Most Masons will be aware of various Papal Bulls issued, historically, by the Roman Catholic Church against Freemasonry, as it understood (or more correctly, misunderstood) it. In reviewing Islamic attitudes towards Masonry, it must be first observed that this religion has no personage analogous to the Pope. However, most Islamic countries do have an official legal/religious consultant. A number of articles have been written on the subject, dating back as far as the mid-nineteenth century.


Possibly the most influential body in promulgating and interpreting Islamic Law is the Islamic Jurisdictional College (IJC). At its meeting on 15 July 1978, it issued an opinion concerning ‘The Freemasons Organization’.[iii] The SAJS declared:[iv]


After complete research concerning this organization, based on written accounts from many sources, we have determined:

1. Freemasonry is a clandestine organization, which conceals or reveals its system, depending on the circumstances. Its actual principles are hidden from members, except for chosen members of its higher degrees.

2. The members of the organisation, worldwide, are drawn from men without preference for their religion, faith or sect.

3. The organization attracts members on the basis of providing personal benefits. It traps men into being politically active, and its aims are unjust.

4. New members participate in ceremonies of different names and symbols, and who are frightened from disobeying its regulations and orders.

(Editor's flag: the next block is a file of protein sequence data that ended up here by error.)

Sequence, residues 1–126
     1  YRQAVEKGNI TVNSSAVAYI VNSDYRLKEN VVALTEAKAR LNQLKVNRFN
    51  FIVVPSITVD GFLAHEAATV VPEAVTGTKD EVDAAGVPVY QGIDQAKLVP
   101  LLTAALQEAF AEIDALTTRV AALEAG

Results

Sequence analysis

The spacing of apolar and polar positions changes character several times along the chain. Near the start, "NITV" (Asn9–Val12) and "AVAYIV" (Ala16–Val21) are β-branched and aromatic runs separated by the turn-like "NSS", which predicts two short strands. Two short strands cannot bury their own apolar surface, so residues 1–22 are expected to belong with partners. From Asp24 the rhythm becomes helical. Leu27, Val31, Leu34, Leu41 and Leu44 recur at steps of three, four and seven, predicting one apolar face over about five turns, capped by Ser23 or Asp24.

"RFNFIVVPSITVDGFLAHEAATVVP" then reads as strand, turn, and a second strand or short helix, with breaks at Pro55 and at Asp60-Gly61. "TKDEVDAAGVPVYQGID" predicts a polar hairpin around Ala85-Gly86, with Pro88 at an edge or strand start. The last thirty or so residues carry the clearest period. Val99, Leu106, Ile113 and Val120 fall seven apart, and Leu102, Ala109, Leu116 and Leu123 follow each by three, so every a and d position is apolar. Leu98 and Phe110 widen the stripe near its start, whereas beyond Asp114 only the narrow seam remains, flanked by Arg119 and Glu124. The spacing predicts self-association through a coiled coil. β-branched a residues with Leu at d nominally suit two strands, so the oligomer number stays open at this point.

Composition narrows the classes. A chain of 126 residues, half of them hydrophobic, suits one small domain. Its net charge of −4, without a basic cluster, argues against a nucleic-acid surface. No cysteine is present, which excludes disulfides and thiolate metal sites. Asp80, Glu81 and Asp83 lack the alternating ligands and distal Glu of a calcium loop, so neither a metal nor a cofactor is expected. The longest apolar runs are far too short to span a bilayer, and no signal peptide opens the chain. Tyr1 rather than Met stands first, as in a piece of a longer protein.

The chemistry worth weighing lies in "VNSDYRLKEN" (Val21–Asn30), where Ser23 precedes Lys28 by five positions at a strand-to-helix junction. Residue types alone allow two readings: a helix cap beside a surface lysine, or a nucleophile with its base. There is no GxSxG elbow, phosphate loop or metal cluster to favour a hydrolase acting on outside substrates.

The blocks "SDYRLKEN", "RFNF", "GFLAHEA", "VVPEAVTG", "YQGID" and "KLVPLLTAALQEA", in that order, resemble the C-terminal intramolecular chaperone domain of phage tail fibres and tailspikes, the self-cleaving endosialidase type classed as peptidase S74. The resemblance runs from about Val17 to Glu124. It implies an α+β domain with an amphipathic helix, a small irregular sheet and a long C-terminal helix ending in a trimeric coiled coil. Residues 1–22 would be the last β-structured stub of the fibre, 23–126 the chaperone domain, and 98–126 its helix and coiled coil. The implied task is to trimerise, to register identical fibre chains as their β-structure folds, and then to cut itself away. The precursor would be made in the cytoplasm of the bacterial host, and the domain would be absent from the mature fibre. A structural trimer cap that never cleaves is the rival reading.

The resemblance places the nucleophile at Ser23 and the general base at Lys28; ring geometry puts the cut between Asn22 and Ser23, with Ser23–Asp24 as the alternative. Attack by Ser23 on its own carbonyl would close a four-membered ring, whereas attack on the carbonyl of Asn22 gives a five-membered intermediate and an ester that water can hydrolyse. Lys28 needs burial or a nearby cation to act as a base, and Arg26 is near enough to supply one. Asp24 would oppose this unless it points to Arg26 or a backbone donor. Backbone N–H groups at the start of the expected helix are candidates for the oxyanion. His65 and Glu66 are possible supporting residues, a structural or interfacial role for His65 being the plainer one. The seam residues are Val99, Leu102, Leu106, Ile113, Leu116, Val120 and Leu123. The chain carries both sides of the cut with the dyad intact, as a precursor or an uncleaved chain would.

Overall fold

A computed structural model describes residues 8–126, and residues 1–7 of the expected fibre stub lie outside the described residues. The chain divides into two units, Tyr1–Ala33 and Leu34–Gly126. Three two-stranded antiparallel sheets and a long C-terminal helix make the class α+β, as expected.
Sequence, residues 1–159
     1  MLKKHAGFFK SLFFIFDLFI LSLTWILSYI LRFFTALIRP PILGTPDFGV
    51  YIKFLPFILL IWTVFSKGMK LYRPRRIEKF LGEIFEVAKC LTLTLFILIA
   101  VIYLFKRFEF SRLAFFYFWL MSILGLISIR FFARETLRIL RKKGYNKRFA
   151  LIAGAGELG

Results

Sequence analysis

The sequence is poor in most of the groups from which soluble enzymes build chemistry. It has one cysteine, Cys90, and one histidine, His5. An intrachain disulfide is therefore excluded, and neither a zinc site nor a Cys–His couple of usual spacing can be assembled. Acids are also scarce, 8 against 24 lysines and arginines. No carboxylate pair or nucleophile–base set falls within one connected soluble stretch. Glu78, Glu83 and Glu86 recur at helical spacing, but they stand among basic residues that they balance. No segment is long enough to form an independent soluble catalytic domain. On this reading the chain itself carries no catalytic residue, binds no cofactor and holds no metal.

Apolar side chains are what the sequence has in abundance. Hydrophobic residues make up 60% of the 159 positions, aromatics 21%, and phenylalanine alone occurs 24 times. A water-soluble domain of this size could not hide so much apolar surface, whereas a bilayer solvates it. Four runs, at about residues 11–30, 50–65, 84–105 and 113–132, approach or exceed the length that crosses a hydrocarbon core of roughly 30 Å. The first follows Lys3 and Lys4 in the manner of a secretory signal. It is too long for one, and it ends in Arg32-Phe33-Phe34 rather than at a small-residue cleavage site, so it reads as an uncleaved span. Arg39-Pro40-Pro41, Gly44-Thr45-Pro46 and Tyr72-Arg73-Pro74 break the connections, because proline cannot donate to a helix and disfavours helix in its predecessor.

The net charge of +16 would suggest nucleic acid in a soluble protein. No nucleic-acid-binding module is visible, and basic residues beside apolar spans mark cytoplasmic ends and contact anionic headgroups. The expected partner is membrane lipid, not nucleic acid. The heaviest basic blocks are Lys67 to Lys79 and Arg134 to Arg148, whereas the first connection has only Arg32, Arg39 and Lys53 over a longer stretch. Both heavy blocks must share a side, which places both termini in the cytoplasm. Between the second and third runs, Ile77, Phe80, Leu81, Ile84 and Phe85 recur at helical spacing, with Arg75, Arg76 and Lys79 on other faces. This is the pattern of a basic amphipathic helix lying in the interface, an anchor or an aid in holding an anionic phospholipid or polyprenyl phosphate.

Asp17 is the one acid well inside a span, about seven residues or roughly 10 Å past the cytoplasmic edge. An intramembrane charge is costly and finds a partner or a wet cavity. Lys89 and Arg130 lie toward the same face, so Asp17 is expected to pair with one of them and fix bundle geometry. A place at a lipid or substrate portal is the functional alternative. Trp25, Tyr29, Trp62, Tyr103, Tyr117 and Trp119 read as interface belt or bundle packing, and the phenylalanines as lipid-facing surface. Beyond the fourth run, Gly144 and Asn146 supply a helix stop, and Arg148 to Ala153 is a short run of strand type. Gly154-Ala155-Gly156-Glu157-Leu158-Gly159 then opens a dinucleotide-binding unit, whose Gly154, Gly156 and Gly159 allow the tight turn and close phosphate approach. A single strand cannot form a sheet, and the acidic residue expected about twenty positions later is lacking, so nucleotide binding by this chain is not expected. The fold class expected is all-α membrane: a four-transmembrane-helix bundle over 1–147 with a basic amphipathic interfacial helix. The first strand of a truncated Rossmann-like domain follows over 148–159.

5. Preferred members are free to practice their religion, but only members who are atheist are promoted to its higher degrees, based on how much they are willing to serve its dangerous principles and plans.

6. It is a political organization. It has served all revolutions, military and politically transformations, and in all dangerous changes a relation to this organization appears either exposed or veiled.

7. It is a Jewish Organization in its roots. Its secret higher international administrative board are Jews and it promotes Zionist activities.

8. Its primary objectives are the distraction of all religions and it distracts Muslims from Islam.

9. It tries to recruit influential financial, political, social, or scientific people to utilize them. It does not consider applicants it cannot utilize. It recruits kings, prime ministers, high government officials and similar individuals.

10. It has branches under different names as a camouflage so people cannot trace its activities, especially if the name of ‘Freemasonry’ has opposition. These hidden branches are known are Lions, Rotary and others. They have wicked principles that completely contradict the rules of Islam. There is a clear relationship between Freemasonry, Judaism, and International Zionism. It has controlled the activities of high Arab Officials in the Palestinian Problem. It has limited their duties, obligations and activities for the benefit of the Judaism and International Zionism.